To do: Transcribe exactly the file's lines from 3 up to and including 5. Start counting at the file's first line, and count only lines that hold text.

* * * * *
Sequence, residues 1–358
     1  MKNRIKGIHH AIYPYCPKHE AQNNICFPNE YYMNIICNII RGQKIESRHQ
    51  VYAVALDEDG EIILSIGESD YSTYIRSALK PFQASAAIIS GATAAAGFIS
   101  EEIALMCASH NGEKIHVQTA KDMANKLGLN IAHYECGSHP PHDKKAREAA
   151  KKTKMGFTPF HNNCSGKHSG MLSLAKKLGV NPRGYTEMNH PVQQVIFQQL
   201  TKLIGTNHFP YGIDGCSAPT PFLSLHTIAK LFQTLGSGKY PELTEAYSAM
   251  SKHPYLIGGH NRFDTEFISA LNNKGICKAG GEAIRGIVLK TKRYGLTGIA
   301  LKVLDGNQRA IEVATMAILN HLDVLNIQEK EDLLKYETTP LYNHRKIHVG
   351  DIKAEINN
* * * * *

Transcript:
    51  VYAVALDEDG EIILSIGESD YSTYIRSALK PFQASAAIIS GATAAAGFIS
   101  EEIALMCASH NGEKIHVQTA KDMANKLGLN IAHYECGSHP PHDKKAREAA
   151  KKTKMGFTPF HNNCSGKHSG MLSLAKKLGV NPRGYTEMNH PVQQVIFQQL